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ARCHIVED -  Telecom Decision CRTC 2010-511

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Ottawa, 23 July 2010

Distributel Communications Limited - Application for an order to bulk port telephone numbers to its network

File number: 8622-D11-200917114

In this decision, the Commission denies Distributel Communications Limited's (Distributel) request that the Commission order Rogers Cable Communications Inc. to bulk port telephone numbers to Distributel's network.

Introduction

1.        In a letter dated 14 December 2009, Distributel Communications Limited (Distributel) requested that the Commission direct Rogers Cable Communications Inc. (RCCI) to bulk port a large quantity of telephone numbers from RCCI's network to Distributel's network. These telephone numbers were being used by customers that Communication Télosystème Inc. (CTI), a wholly owned subsidiary of Distributel, had acquired from Cybersurf Corp. (Cybersurf) as part of an asset purchase.

2.        In a letter dated 15 December 2009, Goodmans LLP (Goodmans), on behalf of Comwave Telecommunications Inc. (Comwave), objected to Distributel's request. Goodmans indicated that Comwave had leased the telephone numbers in question from RCCI and that Comwave had subsequently provided the numbers to Cybersurf under a contractual arrangement. Goodmans requested that the Commission not proceed with the matter without taking into account the positions of all parties involved in the dispute.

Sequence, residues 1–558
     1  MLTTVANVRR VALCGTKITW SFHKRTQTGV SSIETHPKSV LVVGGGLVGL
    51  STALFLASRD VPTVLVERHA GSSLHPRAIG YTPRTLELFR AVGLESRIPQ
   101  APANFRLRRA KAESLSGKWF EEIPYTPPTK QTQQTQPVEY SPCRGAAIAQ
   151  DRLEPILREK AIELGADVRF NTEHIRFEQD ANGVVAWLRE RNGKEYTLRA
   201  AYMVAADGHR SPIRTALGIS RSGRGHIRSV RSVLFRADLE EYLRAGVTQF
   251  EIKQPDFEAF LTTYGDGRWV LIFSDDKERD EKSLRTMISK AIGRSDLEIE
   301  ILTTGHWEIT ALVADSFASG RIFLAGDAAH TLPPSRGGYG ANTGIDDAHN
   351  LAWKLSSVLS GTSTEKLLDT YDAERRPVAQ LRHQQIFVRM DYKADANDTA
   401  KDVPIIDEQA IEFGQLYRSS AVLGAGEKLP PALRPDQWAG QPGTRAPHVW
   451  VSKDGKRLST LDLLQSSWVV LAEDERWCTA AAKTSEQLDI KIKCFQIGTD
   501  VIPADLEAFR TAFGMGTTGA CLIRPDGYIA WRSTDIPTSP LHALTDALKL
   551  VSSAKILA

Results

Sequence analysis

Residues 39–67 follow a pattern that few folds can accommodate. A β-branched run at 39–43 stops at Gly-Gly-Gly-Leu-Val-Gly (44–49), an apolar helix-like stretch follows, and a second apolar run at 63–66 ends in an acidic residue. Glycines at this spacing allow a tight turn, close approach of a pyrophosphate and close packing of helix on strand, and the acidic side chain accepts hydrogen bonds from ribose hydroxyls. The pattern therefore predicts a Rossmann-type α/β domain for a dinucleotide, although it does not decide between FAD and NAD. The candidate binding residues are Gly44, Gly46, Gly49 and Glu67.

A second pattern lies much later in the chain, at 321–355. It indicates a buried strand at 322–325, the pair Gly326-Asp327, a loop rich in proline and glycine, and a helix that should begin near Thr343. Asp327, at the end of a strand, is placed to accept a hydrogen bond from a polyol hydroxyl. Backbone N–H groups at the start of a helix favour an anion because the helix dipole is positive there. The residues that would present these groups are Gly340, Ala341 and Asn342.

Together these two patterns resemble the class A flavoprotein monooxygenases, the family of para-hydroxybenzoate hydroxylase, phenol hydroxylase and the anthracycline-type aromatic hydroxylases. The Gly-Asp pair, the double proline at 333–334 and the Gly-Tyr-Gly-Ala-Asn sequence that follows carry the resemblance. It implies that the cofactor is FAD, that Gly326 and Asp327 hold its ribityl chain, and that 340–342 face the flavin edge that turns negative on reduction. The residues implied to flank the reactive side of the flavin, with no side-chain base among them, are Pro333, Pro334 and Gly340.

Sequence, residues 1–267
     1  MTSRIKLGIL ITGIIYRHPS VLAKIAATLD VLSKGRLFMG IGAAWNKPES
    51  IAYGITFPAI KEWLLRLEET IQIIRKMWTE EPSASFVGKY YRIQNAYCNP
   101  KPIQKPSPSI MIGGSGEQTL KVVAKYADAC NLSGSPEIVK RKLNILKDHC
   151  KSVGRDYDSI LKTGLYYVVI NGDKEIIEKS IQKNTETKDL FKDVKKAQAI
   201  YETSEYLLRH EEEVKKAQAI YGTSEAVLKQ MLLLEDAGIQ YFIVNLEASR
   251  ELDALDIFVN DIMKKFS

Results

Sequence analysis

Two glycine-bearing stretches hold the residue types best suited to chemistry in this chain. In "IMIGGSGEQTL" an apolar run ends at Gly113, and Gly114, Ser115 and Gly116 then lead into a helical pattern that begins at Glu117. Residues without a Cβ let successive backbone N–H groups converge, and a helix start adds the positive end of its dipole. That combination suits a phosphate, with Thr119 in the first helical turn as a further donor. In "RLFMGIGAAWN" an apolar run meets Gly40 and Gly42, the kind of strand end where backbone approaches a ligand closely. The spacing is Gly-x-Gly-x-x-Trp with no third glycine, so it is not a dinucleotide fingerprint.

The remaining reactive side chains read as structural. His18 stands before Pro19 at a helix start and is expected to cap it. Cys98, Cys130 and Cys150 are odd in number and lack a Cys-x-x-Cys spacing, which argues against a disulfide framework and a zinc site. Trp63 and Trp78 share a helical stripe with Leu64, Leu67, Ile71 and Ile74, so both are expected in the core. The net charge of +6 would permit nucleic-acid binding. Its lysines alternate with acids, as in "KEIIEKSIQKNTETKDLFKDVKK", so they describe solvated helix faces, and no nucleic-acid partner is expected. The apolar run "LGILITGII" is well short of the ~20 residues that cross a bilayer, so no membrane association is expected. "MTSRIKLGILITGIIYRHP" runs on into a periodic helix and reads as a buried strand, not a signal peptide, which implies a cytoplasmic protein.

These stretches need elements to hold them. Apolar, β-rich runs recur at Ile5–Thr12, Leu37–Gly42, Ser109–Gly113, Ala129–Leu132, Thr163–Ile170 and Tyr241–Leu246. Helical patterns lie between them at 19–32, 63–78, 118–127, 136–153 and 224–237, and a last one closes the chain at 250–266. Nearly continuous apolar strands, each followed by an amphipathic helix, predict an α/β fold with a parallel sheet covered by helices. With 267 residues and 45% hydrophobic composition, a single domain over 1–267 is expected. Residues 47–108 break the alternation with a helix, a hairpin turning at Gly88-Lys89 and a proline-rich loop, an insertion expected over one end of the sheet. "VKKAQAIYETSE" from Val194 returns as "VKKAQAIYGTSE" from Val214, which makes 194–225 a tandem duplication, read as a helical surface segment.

3.        The Commission initiated a process to gather comments from parties and received submissions from Distributel, Comwave, Cybersurf, and RCCI. The record of this proceeding, which closed on 12 May 2010, is available on the Commission's website at www.crtc.gc.ca under “Public Proceedings” or by using the file number provided above.

Should the Commission order RCCI to bulk port the telephone numbers to Distributel's network?

4.        Distributel submitted that RCCI had denied its porting request because Comwave, a reseller of RCCI's services that previously held the numbers, had refused to authorize RCCI to perform the bulk port because of a commercial contractual dispute between Comwave and Cybersurf over outstanding porting fees.

5.        Distributel submitted that a commercial dispute is not a valid reason for a local service provider to deny a porting request under current porting rules. It submitted that Comwave had intentionally blocked the porting request to serve its own commercial interests and had not complied with local number portability rules. Distributel argued that allowing Comwave to block the bulk porting in this manner would set a precedent that would allow any provider to deny a porting request based on the terms and conditions of a commercial contract. In Distributel's view, this would effectively give service providers absolute control over their customers' telephone numbers.

6.        Distributel submitted that because the contractual dispute is between Comwave and Cybersurf, and does not involve Distributel or CTI, the dispute should not interfere with the porting request. As a result, Distributel requested that the Commission order RCCI to bulk port the numbers to Distributel's network.

7.        Cybersurf was also of the view that the numbers should be ported to Distributel's network. It argued that Comwave should not be allowed to charge porting fees because the Commission has consistently denied applications by local exchange carriers to charge other local service providers for customer transfers or number ports. In Cybersurf's view, allowing a reseller to charge for number porting when carriers have been prohibited from doing so would not be symmetrical regulation.